Intel announced a new category of mainstream thin and light mobile computers called Ultrabook. They also revealed more details of the upcoming Ivy Bridge processor based on the 22nm 3D transistor design.
Yes, we know all about the glitch affecting Intel's 6 series chipsets for Sandy Bridge processors. It's disappointing to have to wait for the newer, revised motherboards, but that just means more time to do proper research. To help you pick your next mainstream H67 motherboard, here's our small roundup.
It's the start of the Sandy Bridge era and to help you decide on which mainstream motherboard to select for this new platform, we look at six Intel P67 motherboards from the likes of ASRock, ASUS, ECS, Gigabyte, Intel and MSI.
We visited Intel's booth today and we had the opportunity to experience the new Sandy Bridge laptops, wireless display, netbooks and a preview of a couple of Oak Trail products.
At the CES press day, Intel officially launched the much awaited 2nd generation Core processor family, much better known as Sandy Bridge. The new processor promises faster compute performance as well as improved graphics performance, an updated WiDi 2.0, Intel Quick Sync and Intel Insider.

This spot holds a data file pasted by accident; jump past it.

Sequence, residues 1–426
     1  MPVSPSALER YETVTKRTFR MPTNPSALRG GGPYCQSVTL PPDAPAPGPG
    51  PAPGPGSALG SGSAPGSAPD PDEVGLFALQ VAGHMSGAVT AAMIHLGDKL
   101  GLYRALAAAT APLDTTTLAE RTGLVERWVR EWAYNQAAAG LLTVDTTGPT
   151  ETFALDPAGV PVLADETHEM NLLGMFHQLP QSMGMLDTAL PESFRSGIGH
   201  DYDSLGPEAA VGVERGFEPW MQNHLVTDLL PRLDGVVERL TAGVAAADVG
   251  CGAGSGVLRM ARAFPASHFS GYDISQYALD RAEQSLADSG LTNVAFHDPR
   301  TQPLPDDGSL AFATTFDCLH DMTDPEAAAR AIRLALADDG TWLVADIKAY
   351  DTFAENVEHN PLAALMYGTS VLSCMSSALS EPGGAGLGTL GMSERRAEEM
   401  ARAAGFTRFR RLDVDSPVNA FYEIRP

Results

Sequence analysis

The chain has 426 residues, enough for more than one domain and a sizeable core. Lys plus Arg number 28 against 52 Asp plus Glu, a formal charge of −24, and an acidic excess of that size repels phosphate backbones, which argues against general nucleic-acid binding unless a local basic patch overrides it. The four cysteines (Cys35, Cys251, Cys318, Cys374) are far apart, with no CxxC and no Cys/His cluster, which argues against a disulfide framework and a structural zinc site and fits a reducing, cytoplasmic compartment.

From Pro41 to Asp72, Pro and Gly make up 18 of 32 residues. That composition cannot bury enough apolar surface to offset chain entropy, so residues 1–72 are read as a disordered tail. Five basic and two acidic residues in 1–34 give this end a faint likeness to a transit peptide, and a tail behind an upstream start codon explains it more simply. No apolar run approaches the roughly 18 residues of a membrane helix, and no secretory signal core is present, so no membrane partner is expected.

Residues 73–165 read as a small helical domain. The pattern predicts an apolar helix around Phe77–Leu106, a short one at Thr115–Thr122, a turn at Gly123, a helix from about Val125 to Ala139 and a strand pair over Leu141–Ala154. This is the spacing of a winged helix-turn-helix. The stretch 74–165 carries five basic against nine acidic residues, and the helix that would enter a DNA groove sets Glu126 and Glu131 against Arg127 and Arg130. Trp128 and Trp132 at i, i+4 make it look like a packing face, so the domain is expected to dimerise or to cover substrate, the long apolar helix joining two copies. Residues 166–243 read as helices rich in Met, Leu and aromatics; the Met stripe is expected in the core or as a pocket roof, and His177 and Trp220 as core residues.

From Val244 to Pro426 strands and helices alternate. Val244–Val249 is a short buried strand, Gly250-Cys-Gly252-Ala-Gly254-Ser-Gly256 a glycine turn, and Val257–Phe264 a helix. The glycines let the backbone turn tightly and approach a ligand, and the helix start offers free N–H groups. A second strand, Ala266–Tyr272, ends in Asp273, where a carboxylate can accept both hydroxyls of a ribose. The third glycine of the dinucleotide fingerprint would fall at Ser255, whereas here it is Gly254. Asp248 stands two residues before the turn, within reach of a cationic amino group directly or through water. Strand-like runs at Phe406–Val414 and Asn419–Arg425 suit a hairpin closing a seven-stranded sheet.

Intel's long-awaited, new CPU microarchitecture, Sandy Bridge, has finally gone live. After months of hype and speculation, does it live up to its pedigree? Find out here as we test the Core i7-2600K, Core i5-2500K and the Core i5-2400.
In the final day of IDF, Intel looked at the crystal ball once again and got us peering into the future of computing. Besides that, we also looked at a couple of real implementations of Intel's Light Peak.
Intel spent the second day of IDF revealing their plans for the Atom processor family. From new hardware to software, Intel plans to plant its Atom processor into every market segment, from industrial applications to your home.
Intel revealed more details of its upcoming 2nd generation Intel Core processor family codenamed Sandy Bridge at the first day of the Intel Developer Forum 2010. Slated to arrive in early 2011, Sandy Bridge brings with it features that promises to change the user's computing experience.
The R&D engineers at Intel's Labs came out to show off some pretty cool research on the eve of Intel Developer Forum. We have details of the demonstrations which show Intel's approach to solving everyday problems.